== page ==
My Thoughts: We now move into the Big 4, and we’ll see if I continue my Academy-matching ways (we’ve yet to have all four of the acting winners match up with Oscar…and oddly enough I’ve yet to agree with the Academy in a lead race). The men of 2009 are kind of titans of acting-all but one have picked up an Oscar, and he’s the youngest of the bunch so it could still happen. In fact, since I’m always on the hunt for a segway and whom to start with, we’ll go with the guy still hunting for that first Oscar: Jeremy Renner.
Renner’s work as Sergeant First Class William James is the sort of acting that feels like an acquired taste. There’s a dominant force in film criticism that seems to value this sort of he-man higher than most-the brooding tough guy, driven to the brink of madness (or perhaps over the edge into its abyss), operating within his own spiraling inferno. To say this is Renner’s finest work is both obvious and insulting, since he’s never really done anything since that was remotely as important or as riveting. I love the way that he interacts with himself in the film, the inner demons that he is constantly addressing. Renner isn’t quite as good when he’s trying to find connections with his fellow actors-he falls far into clichéd machismo and male-bonding, but that’s not to say there isn’t something very worthwhile in what he’s doing.
Colin Firth also excels in his own personal demons in A Single Man. A stylish gay period piece, the film is at first glance more about actors-as-props, but Firth finds something within his character that shows it’s more than the sum-of-its-parts, and brings that out in two of his key costars (a splashy and fabulous Julianne Moore and an unnervingly sexy Nic Hoult). You don’t have to have him address his deeply inhibited sexuality to understand that he’s become a master of control, and this break in his life (the death of his partner) is a life-changing shot. The vein of suicide runs through the film, but Firth’s performance is also informed with the sense of what-to-do-next. That’s the real thing that frightens him, that his life could go on without his Jim. I love the way that that’s the thing that starts to push Firth’s George toward the end of the film. That combination of stuffy, period-informed repression and deeply conflicted emotion that he dare not speak of-that’s the stuff of great acting, and that’s what Firth is giving here (he, too, gives his best performance in this movie, and that’s a slightly more complimentary statement considering the breadth of his body of work).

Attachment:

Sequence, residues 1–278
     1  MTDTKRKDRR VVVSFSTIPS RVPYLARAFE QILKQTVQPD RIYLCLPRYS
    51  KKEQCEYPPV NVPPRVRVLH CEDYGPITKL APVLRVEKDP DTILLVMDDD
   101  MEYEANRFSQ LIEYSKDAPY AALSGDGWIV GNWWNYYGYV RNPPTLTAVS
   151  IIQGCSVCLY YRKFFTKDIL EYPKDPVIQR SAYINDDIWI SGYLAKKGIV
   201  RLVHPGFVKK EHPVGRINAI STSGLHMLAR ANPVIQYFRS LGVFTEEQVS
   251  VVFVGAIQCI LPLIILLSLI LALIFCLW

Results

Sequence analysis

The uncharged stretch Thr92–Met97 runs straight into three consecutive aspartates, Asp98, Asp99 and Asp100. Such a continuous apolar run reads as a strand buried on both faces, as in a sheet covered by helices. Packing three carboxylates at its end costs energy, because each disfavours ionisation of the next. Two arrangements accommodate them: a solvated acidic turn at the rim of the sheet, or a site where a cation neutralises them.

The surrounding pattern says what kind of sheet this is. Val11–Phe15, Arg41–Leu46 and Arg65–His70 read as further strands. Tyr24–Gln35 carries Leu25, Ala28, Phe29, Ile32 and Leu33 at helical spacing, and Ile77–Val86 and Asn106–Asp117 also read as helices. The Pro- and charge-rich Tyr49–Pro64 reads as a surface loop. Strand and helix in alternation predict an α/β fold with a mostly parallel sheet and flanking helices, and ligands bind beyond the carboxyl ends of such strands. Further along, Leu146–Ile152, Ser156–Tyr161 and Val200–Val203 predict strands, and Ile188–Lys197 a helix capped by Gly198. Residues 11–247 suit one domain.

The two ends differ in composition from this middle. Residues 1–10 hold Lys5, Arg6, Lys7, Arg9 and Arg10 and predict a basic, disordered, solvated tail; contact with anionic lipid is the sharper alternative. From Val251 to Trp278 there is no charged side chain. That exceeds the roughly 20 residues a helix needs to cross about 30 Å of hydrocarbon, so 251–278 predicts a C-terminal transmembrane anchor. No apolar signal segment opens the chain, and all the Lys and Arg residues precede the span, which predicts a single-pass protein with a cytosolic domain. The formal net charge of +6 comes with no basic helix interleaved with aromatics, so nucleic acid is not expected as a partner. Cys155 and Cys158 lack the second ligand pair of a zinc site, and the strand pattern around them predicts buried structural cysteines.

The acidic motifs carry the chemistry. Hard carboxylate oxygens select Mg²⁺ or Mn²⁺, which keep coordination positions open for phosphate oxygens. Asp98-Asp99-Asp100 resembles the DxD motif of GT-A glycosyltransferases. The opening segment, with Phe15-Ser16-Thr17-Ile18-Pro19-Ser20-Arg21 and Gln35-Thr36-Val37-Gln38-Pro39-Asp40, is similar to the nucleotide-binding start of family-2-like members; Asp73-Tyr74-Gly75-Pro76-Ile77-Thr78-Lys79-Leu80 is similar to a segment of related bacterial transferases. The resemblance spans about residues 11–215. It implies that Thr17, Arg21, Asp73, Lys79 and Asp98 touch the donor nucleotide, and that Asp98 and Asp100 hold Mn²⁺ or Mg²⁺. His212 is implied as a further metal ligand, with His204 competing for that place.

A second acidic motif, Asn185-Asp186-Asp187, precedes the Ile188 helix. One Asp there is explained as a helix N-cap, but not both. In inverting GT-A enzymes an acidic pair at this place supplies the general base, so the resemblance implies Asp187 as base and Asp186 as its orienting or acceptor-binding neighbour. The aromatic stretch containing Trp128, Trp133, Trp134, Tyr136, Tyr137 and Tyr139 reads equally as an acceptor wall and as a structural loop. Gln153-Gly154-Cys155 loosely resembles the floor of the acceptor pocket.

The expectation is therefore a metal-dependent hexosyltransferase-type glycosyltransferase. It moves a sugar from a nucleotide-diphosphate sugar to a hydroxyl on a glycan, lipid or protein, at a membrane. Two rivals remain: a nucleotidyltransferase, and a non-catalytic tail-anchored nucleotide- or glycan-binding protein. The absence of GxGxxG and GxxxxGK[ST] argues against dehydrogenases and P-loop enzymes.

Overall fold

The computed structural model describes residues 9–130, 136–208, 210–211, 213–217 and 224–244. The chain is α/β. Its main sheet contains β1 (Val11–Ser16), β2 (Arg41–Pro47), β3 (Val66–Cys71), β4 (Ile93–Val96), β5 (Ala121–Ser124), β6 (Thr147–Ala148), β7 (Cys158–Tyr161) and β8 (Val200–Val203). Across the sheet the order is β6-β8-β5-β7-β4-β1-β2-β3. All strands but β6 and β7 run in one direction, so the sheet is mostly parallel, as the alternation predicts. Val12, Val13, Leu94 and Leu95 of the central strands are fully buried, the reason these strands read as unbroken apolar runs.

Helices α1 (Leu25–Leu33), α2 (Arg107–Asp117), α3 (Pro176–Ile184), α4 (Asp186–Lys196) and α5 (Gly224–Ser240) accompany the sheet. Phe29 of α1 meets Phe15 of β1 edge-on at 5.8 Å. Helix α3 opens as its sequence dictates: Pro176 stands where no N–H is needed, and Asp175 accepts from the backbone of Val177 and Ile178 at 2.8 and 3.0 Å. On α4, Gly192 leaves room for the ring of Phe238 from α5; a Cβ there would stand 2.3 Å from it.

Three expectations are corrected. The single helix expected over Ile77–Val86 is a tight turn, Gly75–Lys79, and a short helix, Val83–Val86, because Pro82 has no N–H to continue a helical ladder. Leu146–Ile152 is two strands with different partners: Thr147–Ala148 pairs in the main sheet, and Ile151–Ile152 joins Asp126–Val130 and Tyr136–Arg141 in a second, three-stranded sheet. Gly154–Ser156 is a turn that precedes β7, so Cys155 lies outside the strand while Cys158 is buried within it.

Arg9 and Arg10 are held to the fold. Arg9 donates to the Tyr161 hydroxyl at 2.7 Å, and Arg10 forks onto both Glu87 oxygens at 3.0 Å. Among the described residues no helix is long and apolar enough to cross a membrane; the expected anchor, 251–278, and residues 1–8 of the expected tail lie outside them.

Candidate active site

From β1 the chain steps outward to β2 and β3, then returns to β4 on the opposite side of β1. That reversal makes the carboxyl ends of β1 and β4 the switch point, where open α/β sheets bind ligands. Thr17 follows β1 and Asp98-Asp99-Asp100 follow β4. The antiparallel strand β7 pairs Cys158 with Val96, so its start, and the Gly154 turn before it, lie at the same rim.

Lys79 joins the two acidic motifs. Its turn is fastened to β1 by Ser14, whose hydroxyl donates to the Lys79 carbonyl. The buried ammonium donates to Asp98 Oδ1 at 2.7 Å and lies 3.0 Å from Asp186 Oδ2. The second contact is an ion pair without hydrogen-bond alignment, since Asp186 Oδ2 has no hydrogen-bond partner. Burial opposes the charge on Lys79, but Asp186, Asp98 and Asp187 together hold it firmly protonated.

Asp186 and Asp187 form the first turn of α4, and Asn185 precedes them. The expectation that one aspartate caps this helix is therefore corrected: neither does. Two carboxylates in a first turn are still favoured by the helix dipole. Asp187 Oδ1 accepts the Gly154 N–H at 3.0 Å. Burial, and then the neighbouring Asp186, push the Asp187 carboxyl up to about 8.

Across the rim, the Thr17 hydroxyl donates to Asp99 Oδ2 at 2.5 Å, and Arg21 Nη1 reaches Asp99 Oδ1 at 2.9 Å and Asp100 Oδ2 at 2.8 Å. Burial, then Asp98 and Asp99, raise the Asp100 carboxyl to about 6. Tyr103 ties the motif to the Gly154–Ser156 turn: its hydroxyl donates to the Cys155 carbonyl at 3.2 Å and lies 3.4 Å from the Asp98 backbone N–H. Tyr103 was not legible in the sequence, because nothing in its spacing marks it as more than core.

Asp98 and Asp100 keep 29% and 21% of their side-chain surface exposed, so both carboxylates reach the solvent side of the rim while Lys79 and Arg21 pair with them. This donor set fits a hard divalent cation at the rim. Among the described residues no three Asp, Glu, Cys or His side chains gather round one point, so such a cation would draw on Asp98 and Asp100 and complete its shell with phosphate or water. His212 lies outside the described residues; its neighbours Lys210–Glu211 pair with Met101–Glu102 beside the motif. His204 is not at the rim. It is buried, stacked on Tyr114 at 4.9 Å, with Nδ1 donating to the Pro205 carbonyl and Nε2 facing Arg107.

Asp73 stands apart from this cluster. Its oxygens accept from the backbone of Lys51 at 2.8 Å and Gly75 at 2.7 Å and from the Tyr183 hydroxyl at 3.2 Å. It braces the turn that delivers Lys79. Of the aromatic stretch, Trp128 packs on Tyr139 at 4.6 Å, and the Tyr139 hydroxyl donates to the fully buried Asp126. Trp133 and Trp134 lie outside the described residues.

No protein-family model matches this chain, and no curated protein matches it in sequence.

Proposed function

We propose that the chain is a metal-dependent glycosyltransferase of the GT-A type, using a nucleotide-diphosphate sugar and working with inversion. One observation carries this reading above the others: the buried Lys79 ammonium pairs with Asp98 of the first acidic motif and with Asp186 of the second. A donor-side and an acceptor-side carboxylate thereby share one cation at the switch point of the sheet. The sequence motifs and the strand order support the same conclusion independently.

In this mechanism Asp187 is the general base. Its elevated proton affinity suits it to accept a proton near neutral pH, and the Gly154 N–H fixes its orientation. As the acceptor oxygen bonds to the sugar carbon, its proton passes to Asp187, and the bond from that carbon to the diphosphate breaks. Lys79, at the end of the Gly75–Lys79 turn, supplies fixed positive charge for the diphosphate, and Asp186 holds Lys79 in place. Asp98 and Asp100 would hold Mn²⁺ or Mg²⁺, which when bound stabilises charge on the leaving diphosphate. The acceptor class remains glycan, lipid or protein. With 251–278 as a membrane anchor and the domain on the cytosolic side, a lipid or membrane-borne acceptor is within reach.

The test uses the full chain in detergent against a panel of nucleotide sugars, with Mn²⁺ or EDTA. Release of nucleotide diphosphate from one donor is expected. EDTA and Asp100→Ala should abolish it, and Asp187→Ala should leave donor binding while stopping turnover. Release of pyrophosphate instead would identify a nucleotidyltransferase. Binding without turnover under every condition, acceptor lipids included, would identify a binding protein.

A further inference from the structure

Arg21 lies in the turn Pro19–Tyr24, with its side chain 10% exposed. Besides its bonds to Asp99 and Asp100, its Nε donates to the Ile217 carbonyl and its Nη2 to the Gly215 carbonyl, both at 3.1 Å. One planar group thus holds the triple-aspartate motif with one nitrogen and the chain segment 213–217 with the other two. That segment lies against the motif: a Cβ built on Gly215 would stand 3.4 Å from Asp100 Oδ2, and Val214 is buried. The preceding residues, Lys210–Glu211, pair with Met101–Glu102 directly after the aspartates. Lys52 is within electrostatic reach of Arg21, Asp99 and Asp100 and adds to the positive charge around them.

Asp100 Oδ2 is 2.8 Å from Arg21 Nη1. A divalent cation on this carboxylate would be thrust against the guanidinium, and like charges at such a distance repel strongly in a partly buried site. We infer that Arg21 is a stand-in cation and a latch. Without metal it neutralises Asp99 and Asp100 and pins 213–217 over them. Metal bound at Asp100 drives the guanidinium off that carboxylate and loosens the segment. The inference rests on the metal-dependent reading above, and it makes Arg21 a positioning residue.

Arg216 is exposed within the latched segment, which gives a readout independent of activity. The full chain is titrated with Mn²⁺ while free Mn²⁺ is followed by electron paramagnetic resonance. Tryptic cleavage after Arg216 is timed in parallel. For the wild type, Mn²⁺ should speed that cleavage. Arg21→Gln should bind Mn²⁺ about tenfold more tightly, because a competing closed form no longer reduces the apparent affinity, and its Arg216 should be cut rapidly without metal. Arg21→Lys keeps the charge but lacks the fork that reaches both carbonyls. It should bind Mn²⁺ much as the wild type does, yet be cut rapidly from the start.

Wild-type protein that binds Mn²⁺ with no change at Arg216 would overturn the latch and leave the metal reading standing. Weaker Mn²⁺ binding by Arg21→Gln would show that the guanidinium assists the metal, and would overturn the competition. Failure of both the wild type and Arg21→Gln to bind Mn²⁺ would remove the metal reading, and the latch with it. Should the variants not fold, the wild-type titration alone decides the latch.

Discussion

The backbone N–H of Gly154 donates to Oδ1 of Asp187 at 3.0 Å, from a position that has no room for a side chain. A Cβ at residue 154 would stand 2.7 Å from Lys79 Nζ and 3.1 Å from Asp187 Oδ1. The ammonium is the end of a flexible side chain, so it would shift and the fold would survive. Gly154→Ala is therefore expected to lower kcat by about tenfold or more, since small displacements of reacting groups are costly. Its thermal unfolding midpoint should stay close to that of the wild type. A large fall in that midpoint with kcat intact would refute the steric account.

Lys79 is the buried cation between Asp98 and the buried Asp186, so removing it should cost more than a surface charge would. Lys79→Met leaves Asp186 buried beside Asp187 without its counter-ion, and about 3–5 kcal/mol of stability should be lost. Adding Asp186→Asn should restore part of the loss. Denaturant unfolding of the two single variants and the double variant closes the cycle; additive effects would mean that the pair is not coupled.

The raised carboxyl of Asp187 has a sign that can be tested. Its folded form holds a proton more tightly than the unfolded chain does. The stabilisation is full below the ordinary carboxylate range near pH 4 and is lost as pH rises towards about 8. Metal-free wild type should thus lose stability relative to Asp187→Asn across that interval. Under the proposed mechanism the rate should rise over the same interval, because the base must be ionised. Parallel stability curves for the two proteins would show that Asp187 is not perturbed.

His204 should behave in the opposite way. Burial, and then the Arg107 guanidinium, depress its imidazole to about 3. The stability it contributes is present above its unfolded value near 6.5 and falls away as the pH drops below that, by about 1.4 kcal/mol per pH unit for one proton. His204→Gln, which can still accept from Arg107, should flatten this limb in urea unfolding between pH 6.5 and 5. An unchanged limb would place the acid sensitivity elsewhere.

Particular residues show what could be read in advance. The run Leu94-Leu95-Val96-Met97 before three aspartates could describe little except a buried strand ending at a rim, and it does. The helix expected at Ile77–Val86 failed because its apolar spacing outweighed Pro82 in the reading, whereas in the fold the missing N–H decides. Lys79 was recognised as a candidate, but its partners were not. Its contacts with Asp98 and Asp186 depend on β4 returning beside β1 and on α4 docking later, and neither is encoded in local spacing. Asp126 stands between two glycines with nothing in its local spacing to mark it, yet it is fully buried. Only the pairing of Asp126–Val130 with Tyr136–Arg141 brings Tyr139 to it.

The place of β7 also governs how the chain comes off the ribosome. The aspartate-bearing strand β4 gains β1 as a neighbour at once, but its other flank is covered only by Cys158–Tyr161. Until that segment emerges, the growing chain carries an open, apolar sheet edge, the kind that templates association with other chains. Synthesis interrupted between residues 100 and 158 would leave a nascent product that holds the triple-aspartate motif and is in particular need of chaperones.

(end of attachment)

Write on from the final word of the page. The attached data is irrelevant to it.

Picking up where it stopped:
I’m not quite sure if George Clooney is also doing career best (I really need to re-view Michael Clayton before we get into 2007), but his Ryan Bingham is definitely one of his ballsier creations. I remember people talking about how Clooney plays himself in every movie, and in some ways that’s true (he’s frequently the dapper man-with-a-twinkle), but Ryan Bingham is an inverted, darker version of Clooney, and probably his ballsiest role choice to date. In some ways he’s similar to George, in the way that he has to encounter a part of his life that he’s long since avoided, but here it’s his impending age. Because that’s what rings through Up in the Air-the threat of missed opportunities. Clooney makes his Ryan a man confident that he made the decisions he should have made, and yet smart enough to know when to drop his guard and self-assuredness. There are no great epiphany moments like we’re used to in a movie with his mistress Alex, but Clooney knows to put them in the way he cuts words at her and restrains his face. It’s a truly marvelous piece of work from an actor that, even in his over-celebrated current Academy state, doesn’t often get enough credit for his ability to escape into a role.